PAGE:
Anders on Klamath Marsh National Wildlife Refuge.
photo-Jeff Ritter

Producer – Director: dedication, discipline and desire.

Anders Tomlinson spent 12 years filming the Upper Klamath Basin. Projects included
films for Oregon Institute of Technology, Running Y Ranch, University
of California, U.S. Fish and Wildlife, Klamath Chamber of Commerce, Volcanic
Legacy All American Road, Oregon Governor’s Conference on Tourism,
Klamath Water Users and the California Waterfowl Association.
All of these films blend nature audio with music. Several musicians, song writers
and composers have visited me over the many years of this project. Their work
is the backbone to all my films.

©2010 Anders Tomlinson, all rights reserved.

Tulelake: Crossroads in History

Tulelake, California, just south of the Oregon border, was greatly impacted by the 2001 water shutoff. For numerous small family farms it was an unexpected end to a honorable way of life. Like all farmers, they had little security other than their faith that tomorrow would be a better day. And then the water was shut off…

Generation after generation raises our food and fiber.

Robert Ganey singing about living in the fields of America. Video shot in the farm land and Tule Lake National Wildlife Refuge surrounding Tulelake, California.

Under twenty feet of water…

Anders shooting southwest at Medicine Lake, Mt. Shasta and Tule Lake Basin.
Photo-Rob Crawford

A hundred years ago Tule Lake advanced and receded across the Tule Lake Basin. At that time, the current town of Tulelake was under twenty-some feet of water in the spring.
Much of the lake was a shallow evaporation pond. All of the Upper Klamath Basin, of which the Tule Lake Basin is part, is in the rain shadow of the Cascade Mountains. Throughout history, there have been wet periods and dry periods. Tule Lake would fluctuate accordingly. Today, the watershed above Iron Gate Dam comprises 38% of the Klamath River Watershed and provides 12% of the water, in a wet year.
For more geographical information visit Klamath River Watershed .

Looking at present day Tule Lake from Sheepy Ridge. photo-Anders Tomlinson

This is the northwest corner of the Great Basin. The Lost River began six miles east of Tulelake and traveled some 90 miles in a meandering circle north, west and south before draining into Tule Lake, not the Pacific Ocean. Today, a diversion canal sends much of the Lost River directly to the Klamath River.

The reclaimed lake bed, enriched with thousands of years of waterfowl migrations, has some of the planet’s richest soil. In an era of farmland constantly being taken out of production it is easy to make a case for good soil becoming endangered. This flies in the face of a concept that the next 50 years will require as much food to be raised as was grown in the past 10,000 years. Tulelake Irrigation District receives the vast majority of its water from the Klamath Reclamation Project. The district also has wells that were drilled during the 2001 water shutoff. A few farmers also dug wells.

Klamath Reclamation Project was the second effort, following Imperial Valley in Southern California, that proposed diverting water to promote developing the arid southwest. The Federal Government’s recent success building the Panama Canal provided tools, experience and brain power to rechannel rivers, build power dams, irrigate deserts and drain lakes into productive farmland. If people were to settle these developing lands they would need food and jobs. Farming offered both. For more information visit Klamath Reclamation history.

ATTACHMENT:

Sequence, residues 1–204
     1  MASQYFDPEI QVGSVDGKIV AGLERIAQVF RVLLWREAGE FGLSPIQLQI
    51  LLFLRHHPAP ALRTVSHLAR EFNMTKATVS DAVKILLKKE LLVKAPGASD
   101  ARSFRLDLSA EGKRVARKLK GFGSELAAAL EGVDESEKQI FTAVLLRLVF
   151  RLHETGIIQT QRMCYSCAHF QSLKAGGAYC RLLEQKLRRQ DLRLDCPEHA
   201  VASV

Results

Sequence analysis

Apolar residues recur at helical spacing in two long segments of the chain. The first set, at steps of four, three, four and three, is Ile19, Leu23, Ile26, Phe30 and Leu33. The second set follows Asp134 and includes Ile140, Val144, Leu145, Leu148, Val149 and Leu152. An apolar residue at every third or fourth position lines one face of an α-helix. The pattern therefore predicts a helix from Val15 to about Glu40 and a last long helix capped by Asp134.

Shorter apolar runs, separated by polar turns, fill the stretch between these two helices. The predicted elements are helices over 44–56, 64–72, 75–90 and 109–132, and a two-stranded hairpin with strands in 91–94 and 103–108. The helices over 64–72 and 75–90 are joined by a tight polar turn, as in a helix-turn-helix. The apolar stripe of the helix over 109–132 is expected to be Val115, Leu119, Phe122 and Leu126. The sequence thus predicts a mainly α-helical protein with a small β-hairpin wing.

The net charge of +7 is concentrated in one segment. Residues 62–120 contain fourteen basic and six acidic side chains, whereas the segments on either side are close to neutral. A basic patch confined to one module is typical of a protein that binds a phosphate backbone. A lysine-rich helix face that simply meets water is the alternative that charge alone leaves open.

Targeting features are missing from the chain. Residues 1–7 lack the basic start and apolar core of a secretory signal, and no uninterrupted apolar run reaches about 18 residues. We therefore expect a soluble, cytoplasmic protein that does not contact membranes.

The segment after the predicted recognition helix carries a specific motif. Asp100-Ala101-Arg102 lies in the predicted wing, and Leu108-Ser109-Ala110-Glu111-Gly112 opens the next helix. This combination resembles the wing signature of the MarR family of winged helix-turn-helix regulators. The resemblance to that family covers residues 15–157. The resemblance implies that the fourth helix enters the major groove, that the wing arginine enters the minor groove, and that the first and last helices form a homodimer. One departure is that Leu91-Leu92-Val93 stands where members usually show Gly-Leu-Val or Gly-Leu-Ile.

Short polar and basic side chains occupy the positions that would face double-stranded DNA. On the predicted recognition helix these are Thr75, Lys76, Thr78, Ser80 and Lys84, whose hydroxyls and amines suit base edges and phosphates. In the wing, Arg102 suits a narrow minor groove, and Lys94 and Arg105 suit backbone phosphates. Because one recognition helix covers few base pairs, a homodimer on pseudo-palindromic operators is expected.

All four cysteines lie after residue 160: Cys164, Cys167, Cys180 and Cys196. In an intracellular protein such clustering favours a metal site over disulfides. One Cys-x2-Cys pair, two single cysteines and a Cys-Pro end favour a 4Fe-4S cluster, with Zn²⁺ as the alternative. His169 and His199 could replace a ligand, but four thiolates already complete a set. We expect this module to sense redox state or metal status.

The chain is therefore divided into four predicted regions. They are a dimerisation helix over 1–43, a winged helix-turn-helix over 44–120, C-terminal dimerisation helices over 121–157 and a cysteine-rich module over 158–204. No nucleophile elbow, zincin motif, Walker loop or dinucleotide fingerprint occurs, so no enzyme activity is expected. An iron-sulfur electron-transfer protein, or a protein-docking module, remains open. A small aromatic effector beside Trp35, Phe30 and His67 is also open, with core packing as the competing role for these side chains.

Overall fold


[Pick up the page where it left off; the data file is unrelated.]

Farming and Refuge co-existing in Tulelake, California.
photo-Anders Tomlinson

Today, farming is looked at by many as a problem to be eradicated as if it were an infestation. These are the very same people who need food and water to exist. For those in the urban Southwest who want farming ended to save species there is another alternative, leave the southwest and reduce the demand on resources that many species need. Go somewhere that can support a human population along with the wildlife. This sounds extreme, but, reality is reality and human nature is human nature. Power and water demands need to subside in population centers. Each purchase or activity has multiple consequences, many unintended. Sitting in living rooms and writing checks for political movements and special interests doesn’t remove pressures created by cities which effect wildlife hundreds of miles away. As example, salmon are more impacted by urbanization than anything happening in rural America. Places like Tulelake do more per capita to help wildlife, and humans, than any Southwest city. Places like Tulelake export and provide. Places like San Francisco, Los Angeles and Phoenix import and receive. The story of Tulelake, truly a crossroads in history, is worth telling.
FFA, teaching the next generation how to provide.

Projects that have been shot in the Tule Lake Basin include Homesteading in a Promised Land, Fields of Splendor , Farmland , Walking Wetlands, Stepping Stones, Efficient Irrigation,
My Face Was My Crime, A Year in the Life and many others.
This is an American story of success told by the strong people who make their living off the land in a frontier setting.

©2010 Anders Tomlinson, all rights reserved.

These Are Stories That Should Be Told and Seen.

Welcome to Films That Needs to be Seen.

Each of these film projects, on the right represented by categories, are modern American Stories worth telling. Rural life is presented as the daily challenge it is.